“Try and keep up, OK?”
One of my favorite moments in the interview came when an assistant superintendent asked me, “Do you teach math like you teach PLTW?” Meaning: Are you getting kids hands-on opportunities to learn, or just lecturing and handing out worksheets? I was able to show him how the concepts I’ve learned from my online PLN have influenced my teaching. How my lessons have evolved through a better understanding of desired student outcomes, and the addition of some pretty cool tech. I’m pretty much #MTBoS all-in.
A big Interview Pay-off Moment came when I mentioned using Desmos, the fantastic online graphing calculator. My new department chair’s ears perked up. I took that as a good sign. All of a sudden, I started to feel like my teaching style would be a good fit for the culture of the building. It’s a Four-Star school that excels at serving a college-bound population of motivated students. But more and more the administration is seeking ways to serve the kids who don’t fit in that narrow band of kids who play the game of school well.
Early in the summer, I had a twitter convo with my new department chair, regarding the text for my class and available supplemental materials. Teachers have got plenty of leeway to use whatever materials and activities they see fit, if it serves teaching and learning. And that includes pulling sections from other course texts offered by the same publisher. I told him that’s great, because I’m all about ditching the textbook.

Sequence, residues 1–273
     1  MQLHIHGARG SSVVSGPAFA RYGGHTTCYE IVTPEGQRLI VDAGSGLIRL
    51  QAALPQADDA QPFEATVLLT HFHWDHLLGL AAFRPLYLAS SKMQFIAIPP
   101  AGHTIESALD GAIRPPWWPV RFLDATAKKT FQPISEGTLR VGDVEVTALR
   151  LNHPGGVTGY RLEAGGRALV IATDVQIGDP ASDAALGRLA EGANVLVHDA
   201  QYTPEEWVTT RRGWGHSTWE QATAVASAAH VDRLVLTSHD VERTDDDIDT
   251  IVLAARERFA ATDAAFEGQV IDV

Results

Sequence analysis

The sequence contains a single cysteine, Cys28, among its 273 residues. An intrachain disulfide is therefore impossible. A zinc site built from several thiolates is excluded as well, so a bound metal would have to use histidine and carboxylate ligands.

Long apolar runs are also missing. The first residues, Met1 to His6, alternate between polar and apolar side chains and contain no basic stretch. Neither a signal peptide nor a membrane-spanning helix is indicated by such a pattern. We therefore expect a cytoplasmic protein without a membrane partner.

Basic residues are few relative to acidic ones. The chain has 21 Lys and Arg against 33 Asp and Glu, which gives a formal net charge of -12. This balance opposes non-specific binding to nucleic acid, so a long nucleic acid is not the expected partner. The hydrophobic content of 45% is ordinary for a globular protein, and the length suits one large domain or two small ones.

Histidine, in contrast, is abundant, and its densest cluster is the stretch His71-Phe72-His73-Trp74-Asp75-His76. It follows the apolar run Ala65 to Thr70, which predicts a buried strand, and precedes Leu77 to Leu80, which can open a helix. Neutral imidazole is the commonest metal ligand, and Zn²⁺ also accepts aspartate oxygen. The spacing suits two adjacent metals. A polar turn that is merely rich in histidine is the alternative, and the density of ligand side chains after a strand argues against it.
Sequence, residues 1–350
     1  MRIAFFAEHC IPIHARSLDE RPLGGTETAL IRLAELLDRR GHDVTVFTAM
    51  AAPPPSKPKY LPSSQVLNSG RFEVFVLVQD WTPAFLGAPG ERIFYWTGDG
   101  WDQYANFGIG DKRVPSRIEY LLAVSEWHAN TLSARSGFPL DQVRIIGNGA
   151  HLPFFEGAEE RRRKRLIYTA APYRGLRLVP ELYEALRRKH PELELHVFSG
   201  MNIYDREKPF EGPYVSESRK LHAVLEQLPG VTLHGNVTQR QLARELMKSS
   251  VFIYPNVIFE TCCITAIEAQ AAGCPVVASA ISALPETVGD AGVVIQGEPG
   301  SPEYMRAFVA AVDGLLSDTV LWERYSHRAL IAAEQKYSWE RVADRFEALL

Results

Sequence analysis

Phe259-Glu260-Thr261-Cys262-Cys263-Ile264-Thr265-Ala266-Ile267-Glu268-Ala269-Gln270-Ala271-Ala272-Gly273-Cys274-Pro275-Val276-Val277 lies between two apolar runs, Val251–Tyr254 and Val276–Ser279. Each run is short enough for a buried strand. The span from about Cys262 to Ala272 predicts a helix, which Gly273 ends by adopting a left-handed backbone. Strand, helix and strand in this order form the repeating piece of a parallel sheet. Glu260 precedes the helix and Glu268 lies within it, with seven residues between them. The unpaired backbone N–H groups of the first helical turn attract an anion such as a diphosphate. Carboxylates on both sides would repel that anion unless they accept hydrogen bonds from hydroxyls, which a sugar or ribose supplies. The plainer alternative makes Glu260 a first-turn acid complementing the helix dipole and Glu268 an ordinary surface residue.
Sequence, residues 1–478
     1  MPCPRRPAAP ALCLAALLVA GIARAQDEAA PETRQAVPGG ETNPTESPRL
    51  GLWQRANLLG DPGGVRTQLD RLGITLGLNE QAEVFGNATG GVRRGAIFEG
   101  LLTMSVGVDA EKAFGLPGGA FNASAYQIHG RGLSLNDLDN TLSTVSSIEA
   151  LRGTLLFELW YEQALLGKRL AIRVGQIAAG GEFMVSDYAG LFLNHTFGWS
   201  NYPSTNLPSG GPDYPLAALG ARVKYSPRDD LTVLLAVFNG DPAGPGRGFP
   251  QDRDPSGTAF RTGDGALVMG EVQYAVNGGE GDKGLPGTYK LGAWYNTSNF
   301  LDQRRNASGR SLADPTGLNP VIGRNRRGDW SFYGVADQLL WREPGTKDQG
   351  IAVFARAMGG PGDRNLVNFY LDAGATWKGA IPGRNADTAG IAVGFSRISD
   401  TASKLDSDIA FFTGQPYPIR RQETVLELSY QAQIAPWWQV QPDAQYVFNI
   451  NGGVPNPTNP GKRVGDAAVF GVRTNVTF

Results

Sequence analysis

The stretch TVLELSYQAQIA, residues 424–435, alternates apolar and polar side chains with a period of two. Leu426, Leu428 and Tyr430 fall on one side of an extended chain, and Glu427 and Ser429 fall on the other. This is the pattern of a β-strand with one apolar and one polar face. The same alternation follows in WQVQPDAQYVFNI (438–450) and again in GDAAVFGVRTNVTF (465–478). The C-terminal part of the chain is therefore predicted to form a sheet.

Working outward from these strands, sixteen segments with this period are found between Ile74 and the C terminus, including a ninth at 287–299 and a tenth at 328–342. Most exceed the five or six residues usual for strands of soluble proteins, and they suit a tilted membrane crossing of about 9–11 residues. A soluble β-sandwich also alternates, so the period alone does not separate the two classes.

The phrasing was partly intentional, but definitely struck a chord. He replied that the department had read MattMiller‘s book Ditch That Textbook as a group last year.
I’ve been reading Matt’s blog for a while, I’m fully bought-in to the concepts. Even implemented a few into my work. In a lot of places, that would make me a unicorn. Maybe even at my new school a few years ago, I would have been an outlier. But guess what? Now it’s SOP.
Welcome to The Show.
Thing is, I haven’t read the book yet. I’m already behind my new colleagues. That will never do.
Cool thing though: that personalized learning thing that we keep saying we want to offer our students? It goes for teachers too. Learn what you want, when you want, from anybody, any time. Hell, twitter is one giant on-demand personalized PD for me. So guess what. I’m about to join my department’s book club, from a distance.
Asymmetrical learning, people. Asymmetrical learning. I bought the book, started to tear in as soon as I opened the Amazon envelope on Sunday. I emailed my department chair to see if he had a google doc or written reflection questions from the department book chat that he could share to help me frame my thinking as I work my way through.
Call it my One-Man Book Club. Gonna do some thinking out loud in this space as well. Just what the doctor ordered to get me caught up.
I read. A lot. Some might say too much. I’ll snap up a few pages of whatever I’m reading in morning while brushing my teeth, or as a nightcap before turning in for good. And if find something I really like, I’ll return to it again and again. I must have read Jim Bouton’s “Ball Four” fifty times, Gerry Faust’s memoir “The Golden Dream” half that many, and I can pretty much recite “Pierced By A Sword” by Bud MacFarlane Jr. word-for-word. (It’s OK if you’ve never heard of that last one. It’s Catholic fiction, and for a book written 20 years ago, a lot of seems “ripped from the headlines” these days.)